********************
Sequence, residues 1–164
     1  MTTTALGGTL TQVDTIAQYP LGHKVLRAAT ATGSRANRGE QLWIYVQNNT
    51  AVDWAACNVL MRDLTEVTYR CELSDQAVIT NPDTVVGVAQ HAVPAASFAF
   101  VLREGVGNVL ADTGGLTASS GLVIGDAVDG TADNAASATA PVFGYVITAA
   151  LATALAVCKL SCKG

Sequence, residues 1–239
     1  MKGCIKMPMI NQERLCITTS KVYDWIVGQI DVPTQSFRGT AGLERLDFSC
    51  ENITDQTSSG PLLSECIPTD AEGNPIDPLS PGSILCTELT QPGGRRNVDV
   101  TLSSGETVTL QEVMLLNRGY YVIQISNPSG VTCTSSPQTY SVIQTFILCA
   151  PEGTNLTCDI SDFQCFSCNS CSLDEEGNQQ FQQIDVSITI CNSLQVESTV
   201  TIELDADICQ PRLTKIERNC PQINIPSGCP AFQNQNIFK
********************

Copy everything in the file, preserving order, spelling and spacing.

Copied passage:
Sequence, residues 1–164
     1  MTTTALGGTL TQVDTIAQYP LGHKVLRAAT ATGSRANRGE QLWIYVQNNT
    51  AVDWAACNVL MRDLTEVTYR CELSDQAVIT NPDTVVGVAQ HAVPAASFAF
   101  VLREGVGNVL ADTGGLTASS GLVIGDAVDG TADNAASATA PVFGYVITAA
   151  LATALAVCKL SCKG

Sequence, residues 1–239
     1  MKGCIKMPMI NQERLCITTS KVYDWIVGQI DVPTQSFRGT AGLERLDFSC
    51  ENITDQTSSG PLLSECIPTD AEGNPIDPLS PGSILCTELT QPGGRRNVDV
   101  TLSSGETVTL QEVMLLNRGY YVIQISNPSG VTCTSSPQTY SVIQTFILCA
   151  PEGTNLTCDI SDFQCFSCNS CSLDEEGNQQ FQQIDVSITI CNSLQVESTV
   201  TIELDADICQ PRLTKIERNC PQINIPSGCP AFQNQNIFK